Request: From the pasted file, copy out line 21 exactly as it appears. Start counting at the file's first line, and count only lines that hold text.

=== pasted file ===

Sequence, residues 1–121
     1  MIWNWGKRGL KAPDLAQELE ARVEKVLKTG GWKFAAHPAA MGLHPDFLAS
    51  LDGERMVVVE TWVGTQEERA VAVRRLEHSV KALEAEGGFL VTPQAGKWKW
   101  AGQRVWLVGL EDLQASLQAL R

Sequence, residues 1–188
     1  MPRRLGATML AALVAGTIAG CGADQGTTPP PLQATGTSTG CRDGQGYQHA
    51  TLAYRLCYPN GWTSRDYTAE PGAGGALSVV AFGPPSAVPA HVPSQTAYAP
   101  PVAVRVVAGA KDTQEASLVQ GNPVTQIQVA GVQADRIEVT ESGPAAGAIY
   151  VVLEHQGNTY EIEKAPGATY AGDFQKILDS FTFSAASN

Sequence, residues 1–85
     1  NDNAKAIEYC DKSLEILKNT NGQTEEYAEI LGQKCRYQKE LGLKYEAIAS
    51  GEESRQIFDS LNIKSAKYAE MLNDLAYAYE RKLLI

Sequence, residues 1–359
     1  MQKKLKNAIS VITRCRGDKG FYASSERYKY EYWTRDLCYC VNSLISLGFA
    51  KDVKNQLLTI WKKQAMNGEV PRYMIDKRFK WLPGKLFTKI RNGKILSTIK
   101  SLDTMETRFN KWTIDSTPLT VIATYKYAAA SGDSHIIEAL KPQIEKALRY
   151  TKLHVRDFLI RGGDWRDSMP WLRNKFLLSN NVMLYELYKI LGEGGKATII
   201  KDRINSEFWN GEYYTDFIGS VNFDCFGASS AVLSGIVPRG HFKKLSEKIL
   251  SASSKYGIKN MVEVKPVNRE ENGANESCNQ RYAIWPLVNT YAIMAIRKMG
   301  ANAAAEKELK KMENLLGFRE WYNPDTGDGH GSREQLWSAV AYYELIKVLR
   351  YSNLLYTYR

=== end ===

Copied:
   351  YSNLLYTYR